'Profound' is a much overused word but, with reference to Thomas Metzinger's book, 'The Ego Tunnel: The Science of the Mind and the Myth of the Self', it is wholly appropriate. This is a book that extends far below the surface of things, beyond the external and the superficial, that penetrates to the depth of our being and which touches, as a result, on the very things that many people hold to be the essence of what it is to be 'human'. Metzinger, in fact, does far more than merely touch on such things - he reaches right inside your guts, up to his shoulder and beyond, and roots about as though he's trying to turn you inside out; undoubtedly, many people won't appreciate having many of their most sacred notions challenged in quite this forceful a manner but this book encompasses both the sacred *and* the profane without being, I hasten to add, in the least bit contemptuous of those religious ideas, or mores, that it might appear to render utterly obsolete. If you're fired-up by the idea of discovering just how fantastically, mind-bogglingly, counter-intuitive reality 'really' is - or probably is - then this book is most certainly for you.
Metzinger succeeds, in my opinion, in two key respects: Firstly, in showing why the broad sweep of his own thinking, with regards to the reductionist 'science of mind', is most certainly both reasonable and plausible - given the evidence in front of us - and even quite probable. Secondly, he succeeds, brilliantly, in identifying and clarifying many of the implications, or perceived implications, of that thinking, should it turn out to be, in its essence, correct. For example, Metzinger writes (p.130):
"If one takes the scientific worldview seriously, no such things as goals exist, and there is nobody who selects or specifies an action. There is no process of "selection" at all; all we really have is dynamical self-organization. Moreover, the information-processing taking place in the human brain is not even a rule-based kind of processing. Ultimately, it follows the laws of physics. The brain is best described as a complex system continuously trying to settle into a stable state, generating order out of chaos."
So, whilst some might perceive this book, and the work that went into it, as an act of, quite literally, 'stripping away' our humanity, I suggest that this book is, in fact, a work of deep humanity since it amply exhibits much of what is best and greatest about humanity - superb intellect, tremendous critical thinking, a deep and abiding curiosity and last, but not least, a pervasive sense of empathy, warmth and humor. I, personally, was 'moved' as well as 'awed'; not bad for a work of science and philosophy, written by a mere academic.
Consider also the following (pp.130-131):
"According to the purely physical background assumptions of science, nothing in the universe possesses an inherent value or is a goal in itself; physical objects and processes are all there is. That seems to be the point of the rigorous reductionist approach - and exactly what beings with self-models like ours cannot bring themselves to believe. Of course, there can be goal representations in the brains of biological organisms, but ultimately - if neuroscience is to take its own background assumptions seriously - they refer to nothing."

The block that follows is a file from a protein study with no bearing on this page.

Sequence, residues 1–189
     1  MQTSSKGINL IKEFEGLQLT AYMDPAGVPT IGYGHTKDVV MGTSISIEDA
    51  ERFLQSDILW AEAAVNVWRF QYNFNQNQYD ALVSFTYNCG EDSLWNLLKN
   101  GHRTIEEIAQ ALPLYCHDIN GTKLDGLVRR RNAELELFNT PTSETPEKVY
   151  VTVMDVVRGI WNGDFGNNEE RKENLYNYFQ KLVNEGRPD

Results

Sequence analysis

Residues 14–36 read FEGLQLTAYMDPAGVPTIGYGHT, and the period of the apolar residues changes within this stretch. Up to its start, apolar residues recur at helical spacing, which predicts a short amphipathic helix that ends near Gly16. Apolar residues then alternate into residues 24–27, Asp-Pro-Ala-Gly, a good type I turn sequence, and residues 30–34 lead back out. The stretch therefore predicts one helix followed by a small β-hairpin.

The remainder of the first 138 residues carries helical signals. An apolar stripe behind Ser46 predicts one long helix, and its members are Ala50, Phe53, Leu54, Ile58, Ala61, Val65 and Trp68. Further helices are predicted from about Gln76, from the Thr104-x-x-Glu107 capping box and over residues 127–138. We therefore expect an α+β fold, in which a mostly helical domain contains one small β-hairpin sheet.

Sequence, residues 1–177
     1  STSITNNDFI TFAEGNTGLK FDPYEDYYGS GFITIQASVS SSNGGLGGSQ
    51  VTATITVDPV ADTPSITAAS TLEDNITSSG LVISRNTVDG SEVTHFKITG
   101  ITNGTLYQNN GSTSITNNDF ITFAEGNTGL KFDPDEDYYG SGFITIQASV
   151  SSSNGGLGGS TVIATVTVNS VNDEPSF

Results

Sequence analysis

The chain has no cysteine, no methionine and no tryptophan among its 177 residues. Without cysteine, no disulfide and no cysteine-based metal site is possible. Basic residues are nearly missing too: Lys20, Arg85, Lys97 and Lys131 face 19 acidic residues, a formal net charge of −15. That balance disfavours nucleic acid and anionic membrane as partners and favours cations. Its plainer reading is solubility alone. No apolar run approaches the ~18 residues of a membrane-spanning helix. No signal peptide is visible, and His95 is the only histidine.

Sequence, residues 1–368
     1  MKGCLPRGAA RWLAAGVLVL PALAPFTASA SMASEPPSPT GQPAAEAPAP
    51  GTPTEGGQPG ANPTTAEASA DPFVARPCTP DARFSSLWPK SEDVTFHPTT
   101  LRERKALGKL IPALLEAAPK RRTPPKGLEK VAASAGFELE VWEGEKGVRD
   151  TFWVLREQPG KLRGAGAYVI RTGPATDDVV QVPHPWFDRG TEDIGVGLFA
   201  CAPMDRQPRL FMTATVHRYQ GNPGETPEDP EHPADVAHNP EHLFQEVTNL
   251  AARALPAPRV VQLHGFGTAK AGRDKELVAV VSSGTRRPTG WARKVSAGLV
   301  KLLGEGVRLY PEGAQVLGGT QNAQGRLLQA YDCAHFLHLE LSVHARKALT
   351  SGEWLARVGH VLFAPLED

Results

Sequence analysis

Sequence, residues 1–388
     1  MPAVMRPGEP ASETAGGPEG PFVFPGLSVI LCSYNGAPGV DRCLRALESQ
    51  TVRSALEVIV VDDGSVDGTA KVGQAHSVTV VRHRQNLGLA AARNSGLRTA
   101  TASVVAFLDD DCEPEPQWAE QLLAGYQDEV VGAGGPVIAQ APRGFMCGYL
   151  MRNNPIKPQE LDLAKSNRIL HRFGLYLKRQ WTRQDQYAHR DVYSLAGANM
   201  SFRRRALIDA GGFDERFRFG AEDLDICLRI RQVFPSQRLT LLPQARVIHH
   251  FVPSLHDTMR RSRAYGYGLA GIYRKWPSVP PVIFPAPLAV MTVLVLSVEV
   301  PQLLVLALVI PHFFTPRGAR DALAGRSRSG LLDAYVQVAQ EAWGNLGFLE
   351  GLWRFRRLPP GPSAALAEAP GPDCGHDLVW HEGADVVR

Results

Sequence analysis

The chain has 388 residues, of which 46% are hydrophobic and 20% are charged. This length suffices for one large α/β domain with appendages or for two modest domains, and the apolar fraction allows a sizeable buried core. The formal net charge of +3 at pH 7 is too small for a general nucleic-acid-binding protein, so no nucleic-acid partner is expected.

In addition to the scientific theorizing, such as the above, Thomas Metzinger is clearly very interested in the reality of 'who we are', and is fully cognizant of the fact that reality may be such that "certain types of answers will not only be emotionally disturbing but ultimately impossible to integrate into our conscious self-models." Wrap your head around that, if you are willing and able. Some ideas, such as those under discussion, are (I suggest) difficult for all of us and profoundly (there's that word again) disturbing to many. This is precisely the direction, however, in which cutting edge science of mind seems, inexorably, to be leading us, yet Metzinger takes our questions and fears seriously and is never dismissive nor contemptuous.
Metzinger is both a professional 'scientist' and also a philosopher and, over this rocky terrain, he guides us with a sure hand, first as one and then as the other, to great overall effect. He is equally able when discussing with us both 'how' the world is - e.g. "The evening sky is colorless. The world is not inhabited by colored objects at all. It is just as your physics teacher in high school told you: Out there, in front of your eyes, there is just an ocean of electromagnetic radiation, a wild and raging mixture of different wavelengths. Most of them are invisible to you and can never become part of your conscious model of reality." (p.20) - as when discussing with us why it is that we see things the way we do, because "...we were all born as naïve realists [and have] the robust illusion of being directly in touch with the outside world..." (p.44).
There is, of course, much more that I could say about this book, and more quotes that I could provide, but, to summarize, Metzinger builds the case that the 'Ego', and the concomitant sense of 'self', is a construct of the human brain, an outgrowth of the evolutionary process, which enables us to integrate the imagining of an action with the carrying-out of the action itself and he accomplishes this, and so much more, in a way that is lively, engaging, compulsively readable and - above all - humane.